Within the district, Henley also won, but it was by a smaller margin. She earned about 42.7 percent of the vote to 30 percent for Worst and 25.1 percent for Kwasny. That is still a decisive margin, but there is a difference. Still, the district got the representative it wanted. That doesn’t mean that happens every time, and the Fowler bill as law makes a district certain to make its own choices.
The numbers were extremely close in the 2018 district School Board race between two candidates. Incumbent Kim Melnyk defeated challenger Paul Day, a retired police officer, 59.7 percent of the vote to 39.6 percent citywide. Within the rough district area, the numbers were virtually identical.
Other things could come into play next year, and voters should pay attention, especially as the city figures out the next system, perhaps with some guidance from the courts.
It’s possible that Fowler has been right in suggesting that local elections would look similar next year — meaning the same number of at-large and district seats, though only voters within the districts pick their reps.
If that is the case, a challenger might benefit from appealing to a smaller number of voters through targeted mail and social media. It means more affordable City Council and School Board races. Maybe.
The approach Fowlers sees as likely makes sense because the law does not go into effect until January, and there really is not all that much time left to figure out how to do this. The impact of the court case is still an unknown, though — meaning the shape of districts could change, for example — and redistricting based upon Census data will also factor in.
If Henley runs again, someone could give her a challenge in a one-on-one race within the district — or give significant opposition to any candidate who runs as an advocate for rural areas and agriculture.
I’m not suggesting, for example, all 2018 Kwasny votes would go to a Tim Worst-type candidate instead of an incumbent such as Henley or another candidate who values the issues for which Henley is known. But Worst and Kwasny, combined, pulled big numbers in Sandbridge and the nearby Sigma precinct.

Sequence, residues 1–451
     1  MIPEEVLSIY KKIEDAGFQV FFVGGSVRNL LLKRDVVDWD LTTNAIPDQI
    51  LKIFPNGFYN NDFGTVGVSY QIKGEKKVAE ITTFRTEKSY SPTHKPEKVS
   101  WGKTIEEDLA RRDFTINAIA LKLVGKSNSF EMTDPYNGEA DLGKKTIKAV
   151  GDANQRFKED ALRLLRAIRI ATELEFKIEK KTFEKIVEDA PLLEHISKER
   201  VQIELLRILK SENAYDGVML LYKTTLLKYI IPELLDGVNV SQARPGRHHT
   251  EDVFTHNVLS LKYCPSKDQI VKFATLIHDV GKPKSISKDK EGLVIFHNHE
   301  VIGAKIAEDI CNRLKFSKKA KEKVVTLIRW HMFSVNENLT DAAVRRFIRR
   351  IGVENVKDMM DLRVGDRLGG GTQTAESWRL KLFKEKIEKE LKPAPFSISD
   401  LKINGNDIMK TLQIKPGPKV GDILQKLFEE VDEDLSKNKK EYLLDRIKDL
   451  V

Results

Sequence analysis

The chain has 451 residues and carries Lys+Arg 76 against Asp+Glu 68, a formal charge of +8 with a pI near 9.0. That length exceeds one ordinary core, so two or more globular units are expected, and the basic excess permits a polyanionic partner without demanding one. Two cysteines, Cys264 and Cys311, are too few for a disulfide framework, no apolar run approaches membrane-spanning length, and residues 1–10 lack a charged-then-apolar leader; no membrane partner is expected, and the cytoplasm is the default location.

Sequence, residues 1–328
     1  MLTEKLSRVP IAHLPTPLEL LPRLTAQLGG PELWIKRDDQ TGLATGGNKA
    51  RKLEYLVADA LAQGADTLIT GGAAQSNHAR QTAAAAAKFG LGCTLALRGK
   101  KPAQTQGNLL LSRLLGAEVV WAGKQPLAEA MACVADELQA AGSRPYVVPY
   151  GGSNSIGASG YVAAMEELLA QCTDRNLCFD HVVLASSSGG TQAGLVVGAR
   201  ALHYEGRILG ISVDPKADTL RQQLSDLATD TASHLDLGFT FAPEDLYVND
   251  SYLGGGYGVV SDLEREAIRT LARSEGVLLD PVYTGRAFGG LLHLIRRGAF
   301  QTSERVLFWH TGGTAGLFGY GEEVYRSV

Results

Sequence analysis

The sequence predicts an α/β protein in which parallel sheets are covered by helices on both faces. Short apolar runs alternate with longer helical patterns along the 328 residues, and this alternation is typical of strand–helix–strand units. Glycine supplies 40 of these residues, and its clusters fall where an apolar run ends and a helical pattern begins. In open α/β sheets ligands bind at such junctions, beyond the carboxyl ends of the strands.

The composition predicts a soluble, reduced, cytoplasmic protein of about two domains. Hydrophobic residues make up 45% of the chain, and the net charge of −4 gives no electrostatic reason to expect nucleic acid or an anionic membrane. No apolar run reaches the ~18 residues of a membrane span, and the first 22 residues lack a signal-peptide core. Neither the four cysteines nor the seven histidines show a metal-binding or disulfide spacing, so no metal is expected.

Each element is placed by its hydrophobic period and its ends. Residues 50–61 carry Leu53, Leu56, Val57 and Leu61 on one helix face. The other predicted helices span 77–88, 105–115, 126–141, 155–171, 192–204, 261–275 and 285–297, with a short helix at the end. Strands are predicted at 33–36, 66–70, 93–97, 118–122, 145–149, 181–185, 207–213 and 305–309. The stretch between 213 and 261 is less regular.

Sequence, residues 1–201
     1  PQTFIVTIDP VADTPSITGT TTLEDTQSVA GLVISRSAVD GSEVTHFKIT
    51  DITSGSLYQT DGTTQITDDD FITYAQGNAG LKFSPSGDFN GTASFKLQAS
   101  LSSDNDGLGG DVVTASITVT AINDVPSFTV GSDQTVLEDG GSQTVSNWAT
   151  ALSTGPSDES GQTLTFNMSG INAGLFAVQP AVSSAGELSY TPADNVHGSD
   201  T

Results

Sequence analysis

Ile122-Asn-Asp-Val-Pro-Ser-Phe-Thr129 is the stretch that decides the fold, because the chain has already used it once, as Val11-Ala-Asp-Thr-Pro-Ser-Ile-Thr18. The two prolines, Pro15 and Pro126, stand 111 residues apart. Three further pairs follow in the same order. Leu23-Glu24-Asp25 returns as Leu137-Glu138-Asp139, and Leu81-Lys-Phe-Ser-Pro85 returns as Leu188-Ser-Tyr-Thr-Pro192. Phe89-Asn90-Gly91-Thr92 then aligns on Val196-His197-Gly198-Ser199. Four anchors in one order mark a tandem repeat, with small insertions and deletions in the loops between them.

That matters because the district, as it exists now, is diverse and changing. It is not a monolithic hive mind concerned only with a certain set of issues, as some folks sometimes suggest because of rural and agricultural interests, as important as those issues are.
I am not trying to say that the 2018 numbers predict 2022.
But it seems to be worth considering whether the divisions between districts and citywide voting are as great as we might think. Fowler’s bill, whatever its merits, potentially is a significant change for rural voters who make up much of The Independent News’ readership.
That suggests that organizations such as Virginia Beach Farm Bureau should hold a forum next year for all local races and get people on the record on issues of concern to farmers and rural residents.
Newspaper such as this one should help them do so.
And 2022 could be a big difference for candidates appealing to perhaps 24,000 voters rather than the 100,000-plus who voted in the Princess Anne District race last time. This was a big point of some testimony in October for the federal suit: it is harder to run citywide.
People who care about rural issues should pay attention and participate. There is a big change coming, and the scope of it remains to be seen.